Speaking of historians, La Principessa and her new group, Maoist-Inclined (although less so than before) Independent Red Historian Rival for La Principessa's Affections (Since Vanquished) recently got an article published on their website:
[Heads back out to porch to sit in wading pool and read Genovese]
I think his praise of Phillips is what's usually meant in the obits when they refer to his perverse tendency to heap praise on reactionaries. There's a forty-page essay about UBP in In Red and Black, although, tbh, I only vaguely remember what it says.
I also notice he has an appendix in IRaB about Gramsci and that your first day's reading will end on the chapter about (capital H) Hegemony.
Last night, I had to field one of those depressed, angry, self-loathing calls from La Principessa. She was supposed to be reading/editing a translation from Spanish of an article on Trotsky and the Fourth International for her new group (splitter!) and she couldn't make heads nor tails of it. "I'm so stupid!" she started (that's the self-loathing) before pulling an emotional 180 and shouting "I don't give a f*&& about Gramsci!" (that's the anger).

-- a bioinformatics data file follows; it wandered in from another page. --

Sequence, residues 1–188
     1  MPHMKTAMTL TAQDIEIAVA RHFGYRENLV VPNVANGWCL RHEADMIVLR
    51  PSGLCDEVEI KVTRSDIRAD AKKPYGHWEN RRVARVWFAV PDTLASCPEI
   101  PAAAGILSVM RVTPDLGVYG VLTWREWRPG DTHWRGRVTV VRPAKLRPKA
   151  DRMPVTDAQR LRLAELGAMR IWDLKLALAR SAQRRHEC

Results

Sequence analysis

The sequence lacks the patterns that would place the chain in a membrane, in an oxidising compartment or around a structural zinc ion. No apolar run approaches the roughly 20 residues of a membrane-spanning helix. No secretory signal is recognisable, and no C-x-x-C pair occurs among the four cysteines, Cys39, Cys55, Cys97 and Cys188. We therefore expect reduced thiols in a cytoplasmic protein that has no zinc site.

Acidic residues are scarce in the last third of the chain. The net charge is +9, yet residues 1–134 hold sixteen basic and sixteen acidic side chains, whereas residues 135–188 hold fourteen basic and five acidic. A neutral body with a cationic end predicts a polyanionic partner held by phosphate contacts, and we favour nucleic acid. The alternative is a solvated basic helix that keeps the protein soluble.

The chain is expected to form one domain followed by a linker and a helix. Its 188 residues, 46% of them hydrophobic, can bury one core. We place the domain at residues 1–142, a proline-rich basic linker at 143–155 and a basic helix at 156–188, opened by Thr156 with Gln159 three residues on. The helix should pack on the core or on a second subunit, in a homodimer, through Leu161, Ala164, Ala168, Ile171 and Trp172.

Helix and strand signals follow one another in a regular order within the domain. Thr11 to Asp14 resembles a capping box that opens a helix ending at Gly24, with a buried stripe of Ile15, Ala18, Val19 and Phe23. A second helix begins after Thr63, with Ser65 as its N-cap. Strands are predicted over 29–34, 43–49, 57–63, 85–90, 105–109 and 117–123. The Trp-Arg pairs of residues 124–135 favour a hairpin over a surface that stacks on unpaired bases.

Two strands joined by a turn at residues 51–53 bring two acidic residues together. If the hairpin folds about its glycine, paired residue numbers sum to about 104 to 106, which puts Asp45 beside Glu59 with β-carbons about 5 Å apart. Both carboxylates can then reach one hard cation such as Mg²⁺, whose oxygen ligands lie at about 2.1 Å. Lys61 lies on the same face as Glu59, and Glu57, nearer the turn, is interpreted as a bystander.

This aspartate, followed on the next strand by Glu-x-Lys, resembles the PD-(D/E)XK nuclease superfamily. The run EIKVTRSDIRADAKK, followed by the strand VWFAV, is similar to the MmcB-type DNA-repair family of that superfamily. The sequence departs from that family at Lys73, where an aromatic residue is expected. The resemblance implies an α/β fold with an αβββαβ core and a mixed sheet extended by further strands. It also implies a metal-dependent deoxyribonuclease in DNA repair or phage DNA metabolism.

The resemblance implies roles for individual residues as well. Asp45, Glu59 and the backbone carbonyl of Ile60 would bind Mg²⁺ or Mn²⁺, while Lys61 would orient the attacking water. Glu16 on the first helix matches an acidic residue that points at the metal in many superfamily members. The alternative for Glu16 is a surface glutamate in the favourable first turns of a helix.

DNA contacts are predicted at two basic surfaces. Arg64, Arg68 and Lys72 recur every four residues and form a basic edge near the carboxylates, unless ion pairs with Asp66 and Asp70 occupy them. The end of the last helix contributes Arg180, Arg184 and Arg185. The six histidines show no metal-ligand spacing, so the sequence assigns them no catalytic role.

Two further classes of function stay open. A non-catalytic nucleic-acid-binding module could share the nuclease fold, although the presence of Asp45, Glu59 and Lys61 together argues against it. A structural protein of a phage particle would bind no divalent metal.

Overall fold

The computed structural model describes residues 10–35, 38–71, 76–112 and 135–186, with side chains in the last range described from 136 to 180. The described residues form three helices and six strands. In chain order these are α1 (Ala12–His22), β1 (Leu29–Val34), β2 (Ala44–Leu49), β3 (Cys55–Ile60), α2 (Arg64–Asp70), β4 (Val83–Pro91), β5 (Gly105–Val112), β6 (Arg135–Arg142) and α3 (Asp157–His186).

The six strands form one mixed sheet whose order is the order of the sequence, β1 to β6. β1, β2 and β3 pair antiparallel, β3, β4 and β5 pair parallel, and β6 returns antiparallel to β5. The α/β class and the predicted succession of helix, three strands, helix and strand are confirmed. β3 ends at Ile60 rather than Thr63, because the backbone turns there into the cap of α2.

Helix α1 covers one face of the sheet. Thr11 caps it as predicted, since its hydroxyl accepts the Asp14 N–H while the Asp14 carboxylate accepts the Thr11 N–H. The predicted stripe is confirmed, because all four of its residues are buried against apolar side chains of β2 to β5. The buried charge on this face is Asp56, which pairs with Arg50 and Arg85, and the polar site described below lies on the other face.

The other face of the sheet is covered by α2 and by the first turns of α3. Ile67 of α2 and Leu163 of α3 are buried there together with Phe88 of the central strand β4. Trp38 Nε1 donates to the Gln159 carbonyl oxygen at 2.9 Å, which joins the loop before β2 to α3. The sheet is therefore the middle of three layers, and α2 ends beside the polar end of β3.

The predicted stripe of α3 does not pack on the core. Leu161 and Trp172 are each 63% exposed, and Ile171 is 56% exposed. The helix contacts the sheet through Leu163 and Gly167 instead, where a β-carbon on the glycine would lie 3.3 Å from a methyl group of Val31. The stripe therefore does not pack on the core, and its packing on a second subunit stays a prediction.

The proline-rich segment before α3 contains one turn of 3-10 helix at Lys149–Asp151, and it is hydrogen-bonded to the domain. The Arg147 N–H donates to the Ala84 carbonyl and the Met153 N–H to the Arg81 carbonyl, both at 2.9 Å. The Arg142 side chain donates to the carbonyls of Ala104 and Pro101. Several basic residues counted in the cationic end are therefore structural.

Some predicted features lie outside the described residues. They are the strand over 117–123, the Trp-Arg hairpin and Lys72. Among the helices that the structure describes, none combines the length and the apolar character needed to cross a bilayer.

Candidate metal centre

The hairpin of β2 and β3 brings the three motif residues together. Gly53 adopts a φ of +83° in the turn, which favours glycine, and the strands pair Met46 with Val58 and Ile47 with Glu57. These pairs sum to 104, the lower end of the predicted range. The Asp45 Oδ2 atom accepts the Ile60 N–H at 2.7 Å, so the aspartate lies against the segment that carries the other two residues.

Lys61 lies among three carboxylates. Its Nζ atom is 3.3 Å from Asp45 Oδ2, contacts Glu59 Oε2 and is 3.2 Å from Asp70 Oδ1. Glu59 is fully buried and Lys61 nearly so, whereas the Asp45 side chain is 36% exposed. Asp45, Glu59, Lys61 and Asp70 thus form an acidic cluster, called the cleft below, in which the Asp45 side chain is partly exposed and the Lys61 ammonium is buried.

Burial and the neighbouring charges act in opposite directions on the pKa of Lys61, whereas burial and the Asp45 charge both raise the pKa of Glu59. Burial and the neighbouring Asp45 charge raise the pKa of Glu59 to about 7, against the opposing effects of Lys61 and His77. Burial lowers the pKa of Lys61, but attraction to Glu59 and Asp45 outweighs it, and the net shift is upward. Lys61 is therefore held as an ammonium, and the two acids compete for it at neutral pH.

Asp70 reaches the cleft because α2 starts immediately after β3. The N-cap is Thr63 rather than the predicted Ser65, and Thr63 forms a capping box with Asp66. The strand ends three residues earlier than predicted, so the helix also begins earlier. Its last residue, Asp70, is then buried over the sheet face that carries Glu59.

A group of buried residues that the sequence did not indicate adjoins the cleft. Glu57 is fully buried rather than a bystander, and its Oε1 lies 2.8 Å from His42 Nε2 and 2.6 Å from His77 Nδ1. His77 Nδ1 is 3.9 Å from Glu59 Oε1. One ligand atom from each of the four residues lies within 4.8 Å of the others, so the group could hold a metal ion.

Gramsci seems to have that effect on people. (What he was doing in an article about Trotsky and the Fourth International, I still don't know.)
I'm on page 133. Further along than I thought I would be, but that's probably because of the pressure. Will be fun to see how quick you lap me. Looking ahead and reading various reviews on the internet, I am reminded of why I never dived in before: it's largely about the development of the black church, a subject that has never really appealed to me before.
Spoiler: The chapter title "Of Concubines and Horses" is a tease.
Thought about following it up with McPherson's Ordeal by Fire and then Foner's Reconstruction to do a whole Antebellum slavery--Civil War--Reconstruction triptych thing; Battle Cry of Freedom would be a better choice to avoid repetition, I agree, but I've read BCoF twice thus far in my life and I haven't read ObF in...oh, I'd guess twenty years. Then started thinking I should also re-read Stampp, then remembered that article from Comrade Dwarf's old thread and thought I should read some Walter Johnson.
Then remembered that new bio of Lenin that a comrade lent me is still kicking around the parlor, then remembered I've got all those Brust novels to read, the Elric re-read I wanted to do, Scott Lynch, Margaret Atwood...then I started to cry.